Your heart can become hardened or callused in the same way. When you first reject a portion of Godís truth, it is difficult. His truth strikes to your very heart and touches you. There is guilt. But if you continue to turn away from His truth and if you continue to reject what He has to say, then soon you will develop spiritual calluses. Your heart will become hardened so that Godís word can no longer penetrate.

    The result of this kind of hardening to the Word of God is tragic. It is seen in the example of Israel in the wilderness.

  5. The Example of Israel: As when they provoked Me, as in the day of trial in the wilderness (3:8).

The writer alludes to an event which was rooted in the early history of the Jews. This was a part of their national heritage. It was the event of the sin of Israel in the wilderness.

The Israelites in the wilderness had no reason to disbelieve God. They had seen His mighty power in the land of Egypt working on their behalf. They had seen the great plagues fall upon the Egyptians through the hands of Moses. They had seen the Red Sea parted before them and they had passed through its waters and they had seen the Egyptian army perish when it tried to follow. They had been led through the Sinai wilderness by cloud and fire. They had been miraculously fed and sustained upon their journey.

After all of these things, when it came time for them to enter into the land that God had promised them, they became afraid. They determined not to obey God. They called God a liar. They said, "God promised more than He is able to deliver." And in so doing, they provoked God.

Because of this, the entire generation of Israelites was doomed to die in the desert. The only two men of that entire generation who were permitted to enter into the land were Joshua and Caleb.

Donít miss this! The same generation that was saved out of Egypt by the blood of the Passover lamb and who went through the Red Sea with Moses and who was given the Law at Sinai went on to die in the wilderness. They never entered the land. They never received the promise.

Why? Because they did not continue in belief. They hardened their hearts against the Lord and they rejected His word. As a result, they died in the wilderness.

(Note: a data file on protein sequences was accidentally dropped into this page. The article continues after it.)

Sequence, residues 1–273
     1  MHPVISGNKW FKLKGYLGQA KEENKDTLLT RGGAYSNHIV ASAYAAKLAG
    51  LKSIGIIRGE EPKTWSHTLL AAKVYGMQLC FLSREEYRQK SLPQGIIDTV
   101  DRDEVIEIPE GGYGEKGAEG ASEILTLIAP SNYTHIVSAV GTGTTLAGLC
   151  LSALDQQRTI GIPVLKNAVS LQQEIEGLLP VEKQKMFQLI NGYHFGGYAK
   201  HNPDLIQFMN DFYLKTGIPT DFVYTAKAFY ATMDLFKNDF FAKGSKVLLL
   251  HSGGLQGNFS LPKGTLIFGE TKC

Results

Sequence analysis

12 Take care, brethren, lest there should be in any one of you an evil, unbelieving heart, in falling away from the living God.

13 But encourage one another day after day, as long as it is still called "today," lest any one of you be hardened by the deceitfulness of sin.

14 For we have become partakers of Christ, if we hold fast the beginning of our assurance firm until the end; 15 while it is said, "Today if you hear His voice, do not harden your hearts, as when they provoked Me." (Hebrews 3:12-15).

Now there is a warning. The warning is given on the basis of the experience of their forefathers. They are to learn from the mistakes of Israel.

This is significant. The Bible is not merely a history book full of nice stories. These narratives are given for a reason. They are given so that we might learn from those past mistakes.

  1. The Basis of the Warning: Take care, brethren, lest there should be in any one of you an evil, unbelieving heart, in falling away from the living God (3:12).
  2. Notice the title that the writer uses for God. He calls Him the "Living God." There is a reason for this. The same God who brought judgment against the Israelites in the wilderness is still alive and well. He is the God that will one day judge you. One day you will stand before the living God.

    Back in the 1960's a number of liberal theologians declared that God is dead. Those theologians are now all dead, but God is still alive. Because there is a Living God, we are to take heed lest we follow in Israelís footsteps.

    This is a warning to all who have come to Christianity. It is a warning to all who have ever followed Christ. It is a warning to Christians. And it is a warning to you.

    The warning is against falling away. The phrase "falling away" is translated from the single Greek participle , from which we get our word "apostasy." There is a danger. It is the danger of apostasy. It is that you might find yourself falling away from the Living God.

    What does this mean? You must remember the context in which this is written. This is written to Hebrew Christians who were being persecuted for their faith. They have been brought up to worship in the Temple and to keep the Sabbath according to the Scriptures. But now as they turn from the Law to follow Christ, they are faced with persecution. As a result, they will be tempted to leave Christ and return to the comfort of their Jewish ceremonial system. They will be tempted to apostatize. This epistle is written to encourage these believers to remain in the faith.

    Do you see the point? To depart from faith in Christ is to depart from "the living God." This was a particularly Jewish designation for God. Remember that when Caiaphas wished to bind the words of Jesus, he said to Him, "I adjure you by the living God" (Matthew 26:63). The reason that apostasy is so terrible is because God is the Living God. It isnít a bad thing to depart from a dead god. But God is the God of life and to depart from Him means that you are departing from the source of life.